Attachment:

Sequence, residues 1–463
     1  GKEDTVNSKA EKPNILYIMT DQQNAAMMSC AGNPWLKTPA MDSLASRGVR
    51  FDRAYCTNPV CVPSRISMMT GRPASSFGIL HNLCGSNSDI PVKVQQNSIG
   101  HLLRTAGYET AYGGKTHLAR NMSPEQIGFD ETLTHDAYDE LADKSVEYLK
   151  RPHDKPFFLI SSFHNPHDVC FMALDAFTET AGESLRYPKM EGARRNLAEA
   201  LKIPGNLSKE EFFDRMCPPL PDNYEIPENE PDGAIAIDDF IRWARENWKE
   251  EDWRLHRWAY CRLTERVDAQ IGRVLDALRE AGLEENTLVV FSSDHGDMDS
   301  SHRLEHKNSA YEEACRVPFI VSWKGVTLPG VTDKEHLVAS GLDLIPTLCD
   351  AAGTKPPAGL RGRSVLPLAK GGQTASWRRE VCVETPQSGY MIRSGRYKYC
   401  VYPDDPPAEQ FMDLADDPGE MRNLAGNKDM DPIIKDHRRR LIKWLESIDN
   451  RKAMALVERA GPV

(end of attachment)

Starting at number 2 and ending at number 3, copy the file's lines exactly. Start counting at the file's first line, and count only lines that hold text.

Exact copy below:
     1  GKEDTVNSKA EKPNILYIMT DQQNAAMMSC AGNPWLKTPA MDSLASRGVR
    51  FDRAYCTNPV CVPSRISMMT GRPASSFGIL HNLCGSNSDI PVKVQQNSIG